Capstone and Satori, what do these words mean to me?
When I was a younger man, in my early twenties I read a book called Satori in Paris by Jack Kerouac. Written in 1966, nine years after the seminal On the Road was published, and the year of my birth, it was a harrowing tale to me: A 44 year old Jack Kerouac, three years before his death, coming face to face with his family heritage and his own mortality.
Satori is a Japanese word for sudden awakening, like that feeling of being struck by a bolt of lightning, a jolting force that tells you to wake up. Satori. The word has hung on me for many years since reading this book. I knew the time would come when one day I would enter the final phase of my life, no longer young but something different, evolved, at the peak of my skills and knowledge, the Everest of a life time before things begin to slow. At 52, I’ve found Everest’s summit and that leads me to the second word, capstone.
Capstone, the stone set at the top of the arch that applies downward pressure keeping everything else in place. Capstone, the culmination of all of your learning applied to one project. Capstone: What do I still have to accomplish before I work my way down and off the mountain?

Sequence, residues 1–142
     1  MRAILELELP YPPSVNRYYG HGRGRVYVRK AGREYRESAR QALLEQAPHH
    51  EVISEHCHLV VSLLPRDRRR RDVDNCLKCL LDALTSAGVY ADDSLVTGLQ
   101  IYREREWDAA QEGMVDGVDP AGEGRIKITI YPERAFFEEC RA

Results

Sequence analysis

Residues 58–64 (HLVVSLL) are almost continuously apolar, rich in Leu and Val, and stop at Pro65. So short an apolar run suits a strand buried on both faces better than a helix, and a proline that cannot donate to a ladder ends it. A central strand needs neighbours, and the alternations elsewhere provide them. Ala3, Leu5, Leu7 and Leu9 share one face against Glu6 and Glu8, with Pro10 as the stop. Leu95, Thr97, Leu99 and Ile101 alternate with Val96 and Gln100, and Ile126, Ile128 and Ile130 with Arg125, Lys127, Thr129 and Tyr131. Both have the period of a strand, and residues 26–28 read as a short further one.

I woke up not too long ago and took stock of my life. My dog had died on May 30, my companion for 14 years, and her death brought me face to face with the reality that two dogs from now I could be 80. While 80 isn’t necessarily the end of the path, I don’t think waiting until 80 to find my capstone project is a good idea. No, I want to start now, I need to start now.
Which brings me full circle: The Satori I had was that I was wasting time, that I needed to narrow my focus, hone in on the things that I want to accomplish, and have a plan.
This blog has one purpose: It will serve as document to my son, grandchildren (God Willing) and anyone else interested in reading how I defined myself and my life.